Over the next decade or so, John Boyd Thacher State Park could become a destination for adventure sports ranging from rock climbing to caving.
State Parks Commissioner Rose Harvey said the changes will revitalize the park “in a way that we haven’t seen in generations.”
Volunteers have already begun to do a significant portion of the work, mainly building trails.
The Frontier Sno-Riders Snowmobile Club worked with the state to connect the statewide snowmobile trail to the park.
“FSR looks forward to providing safe and well-groomed trail access to the state park for winter recreation enjoyment,” said Chad Saddlemire, president of the club.
Similarly, the Northeastern Cave Conservancy has been working on caving in the park for two years.
It received a permit to locate caves in the park in 2012 and it also built a bat-friendly gate at Hailes Cave, the longest cave in the park.
There are more than 40 caves in the park, but Hailes Cave is the jewel. It’s about 2 miles long with many mapped passages, according to the conservancy.
The state had been banning all access to the cave except for those with a $1 million insurance policy, which cavers protested because individuals generally couldn’t get a policy.
Now, with the new plan, things will change.
“The NCC [Northeastern Cave Conservancy] is both grateful and enthusiastic to be offered opportunities in cave management within the park boundaries,” conservancy president Robert Addis said.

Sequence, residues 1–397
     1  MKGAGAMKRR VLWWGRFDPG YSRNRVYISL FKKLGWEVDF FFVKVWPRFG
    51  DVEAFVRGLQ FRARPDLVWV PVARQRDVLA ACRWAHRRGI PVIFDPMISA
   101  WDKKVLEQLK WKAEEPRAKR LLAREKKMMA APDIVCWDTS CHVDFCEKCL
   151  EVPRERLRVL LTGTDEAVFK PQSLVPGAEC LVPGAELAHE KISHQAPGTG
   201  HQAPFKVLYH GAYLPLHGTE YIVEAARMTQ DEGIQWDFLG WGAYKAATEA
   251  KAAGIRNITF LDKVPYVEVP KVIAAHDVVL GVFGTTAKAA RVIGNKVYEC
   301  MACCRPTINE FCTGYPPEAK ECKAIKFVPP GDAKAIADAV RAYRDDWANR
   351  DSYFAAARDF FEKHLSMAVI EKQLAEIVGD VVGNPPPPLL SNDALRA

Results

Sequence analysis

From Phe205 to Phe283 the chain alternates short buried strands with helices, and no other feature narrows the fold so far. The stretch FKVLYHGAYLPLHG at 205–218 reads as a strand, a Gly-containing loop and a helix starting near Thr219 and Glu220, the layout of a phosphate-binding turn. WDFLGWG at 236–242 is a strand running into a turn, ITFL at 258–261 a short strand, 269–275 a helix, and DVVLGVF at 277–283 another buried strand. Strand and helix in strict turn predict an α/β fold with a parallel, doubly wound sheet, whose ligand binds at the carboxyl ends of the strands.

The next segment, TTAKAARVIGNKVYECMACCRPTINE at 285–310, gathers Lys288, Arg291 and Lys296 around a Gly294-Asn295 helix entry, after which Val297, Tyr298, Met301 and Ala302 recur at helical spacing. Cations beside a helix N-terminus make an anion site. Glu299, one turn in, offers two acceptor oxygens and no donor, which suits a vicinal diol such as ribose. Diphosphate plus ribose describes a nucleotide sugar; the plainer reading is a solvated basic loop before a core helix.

He said the group’s mission is to conserve the “unique underground resource” in the park, protecting it from huge groups that cause damage and individuals who act recklessly by entering a cave without any knowledge or preparation.
The state is also working with the Thacher Climbing Coalition to develop a “rock climbing management plan.” That plan will allow rock climbing, but only in certain areas of the park.
Gabriel Miani of the coalition said he was excited by the plans.
“We look forward to working with New York State Parks to establish this activity in a thoughtful, sustainable and responsible manner for the mutual benefit of the park, the surrounding communities and the East Coast climbing community,” he said. “The hard work starts now.”
The state is also looking for private companies that want to develop and run a high ropes adventure course in the park. Companies will submit bids and proposals for the potentially lucrative contract.
Other proposals will cost money, and the plan says they will only happen when funding is available.
Those proposals including building a mountain biking skills park with multiple levels of difficulty, a series of mountain biking trails and a challenge course at the former pool site.
The challenge course would include mid-air elements, such as a swinging balance beam.
Gov. Andrew Cuomo announced the plan Tuesday by saying he wanted the park to provide recreation for the next generation.
“Generations of New Yorkers and their families have enjoyed everything the park has to offer. With these improvements, we are making sure future generations can do the same,” he said.